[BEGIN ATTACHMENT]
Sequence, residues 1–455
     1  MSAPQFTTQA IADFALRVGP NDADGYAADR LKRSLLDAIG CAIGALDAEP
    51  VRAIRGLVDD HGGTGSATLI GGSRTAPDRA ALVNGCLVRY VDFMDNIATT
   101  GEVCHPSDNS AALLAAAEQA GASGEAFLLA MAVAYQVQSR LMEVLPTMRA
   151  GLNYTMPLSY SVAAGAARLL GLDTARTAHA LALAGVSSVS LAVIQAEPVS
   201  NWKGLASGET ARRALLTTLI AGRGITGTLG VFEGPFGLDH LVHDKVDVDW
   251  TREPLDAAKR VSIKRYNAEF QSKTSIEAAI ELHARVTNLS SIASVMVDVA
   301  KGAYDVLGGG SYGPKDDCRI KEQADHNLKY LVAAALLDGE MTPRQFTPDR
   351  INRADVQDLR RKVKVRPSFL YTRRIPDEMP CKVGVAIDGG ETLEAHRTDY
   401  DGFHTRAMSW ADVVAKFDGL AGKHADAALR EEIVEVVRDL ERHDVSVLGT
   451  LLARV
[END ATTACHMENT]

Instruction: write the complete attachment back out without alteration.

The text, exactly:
Sequence, residues 1–455
     1  MSAPQFTTQA IADFALRVGP NDADGYAADR LKRSLLDAIG CAIGALDAEP
    51  VRAIRGLVDD HGGTGSATLI GGSRTAPDRA ALVNGCLVRY VDFMDNIATT
   101  GEVCHPSDNS AALLAAAEQA GASGEAFLLA MAVAYQVQSR LMEVLPTMRA
   151  GLNYTMPLSY SVAAGAARLL GLDTARTAHA LALAGVSSVS LAVIQAEPVS
   201  NWKGLASGET ARRALLTTLI AGRGITGTLG VFEGPFGLDH LVHDKVDVDW
   251  TREPLDAAKR VSIKRYNAEF QSKTSIEAAI ELHARVTNLS SIASVMVDVA
   301  KGAYDVLGGG SYGPKDDCRI KEQADHNLKY LVAAALLDGE MTPRQFTPDR
   351  INRADVQDLR RKVKVRPSFL YTRRIPDEMP CKVGVAIDGG ETLEAHRTDY
   401  DGFHTRAMSW ADVVAKFDGL AGKHADAALR EEIVEVVRDL ERHDVSVLGT
   451  LLARV